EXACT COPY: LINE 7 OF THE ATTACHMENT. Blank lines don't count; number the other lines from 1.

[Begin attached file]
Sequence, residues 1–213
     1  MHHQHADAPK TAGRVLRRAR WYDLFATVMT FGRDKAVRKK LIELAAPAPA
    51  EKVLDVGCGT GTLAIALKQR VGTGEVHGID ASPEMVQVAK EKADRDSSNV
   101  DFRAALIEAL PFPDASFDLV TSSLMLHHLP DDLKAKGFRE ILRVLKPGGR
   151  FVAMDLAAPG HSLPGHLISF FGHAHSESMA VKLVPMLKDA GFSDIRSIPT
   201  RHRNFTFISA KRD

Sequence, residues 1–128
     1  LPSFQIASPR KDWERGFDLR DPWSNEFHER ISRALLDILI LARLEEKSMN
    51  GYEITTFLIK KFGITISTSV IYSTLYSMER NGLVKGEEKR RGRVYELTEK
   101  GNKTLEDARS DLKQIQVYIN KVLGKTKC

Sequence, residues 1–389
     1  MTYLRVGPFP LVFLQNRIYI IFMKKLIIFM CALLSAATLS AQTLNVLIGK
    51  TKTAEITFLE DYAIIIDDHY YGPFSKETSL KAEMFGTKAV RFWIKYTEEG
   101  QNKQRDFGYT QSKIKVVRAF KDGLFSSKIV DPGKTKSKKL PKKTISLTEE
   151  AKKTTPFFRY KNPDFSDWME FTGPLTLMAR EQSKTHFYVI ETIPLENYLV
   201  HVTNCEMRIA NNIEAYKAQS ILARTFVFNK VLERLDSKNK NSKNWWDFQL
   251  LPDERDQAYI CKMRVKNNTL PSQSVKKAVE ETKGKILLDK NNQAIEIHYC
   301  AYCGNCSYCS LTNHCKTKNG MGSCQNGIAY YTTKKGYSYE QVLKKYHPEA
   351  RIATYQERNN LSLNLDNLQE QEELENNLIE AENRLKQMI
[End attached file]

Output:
Sequence, residues 1–128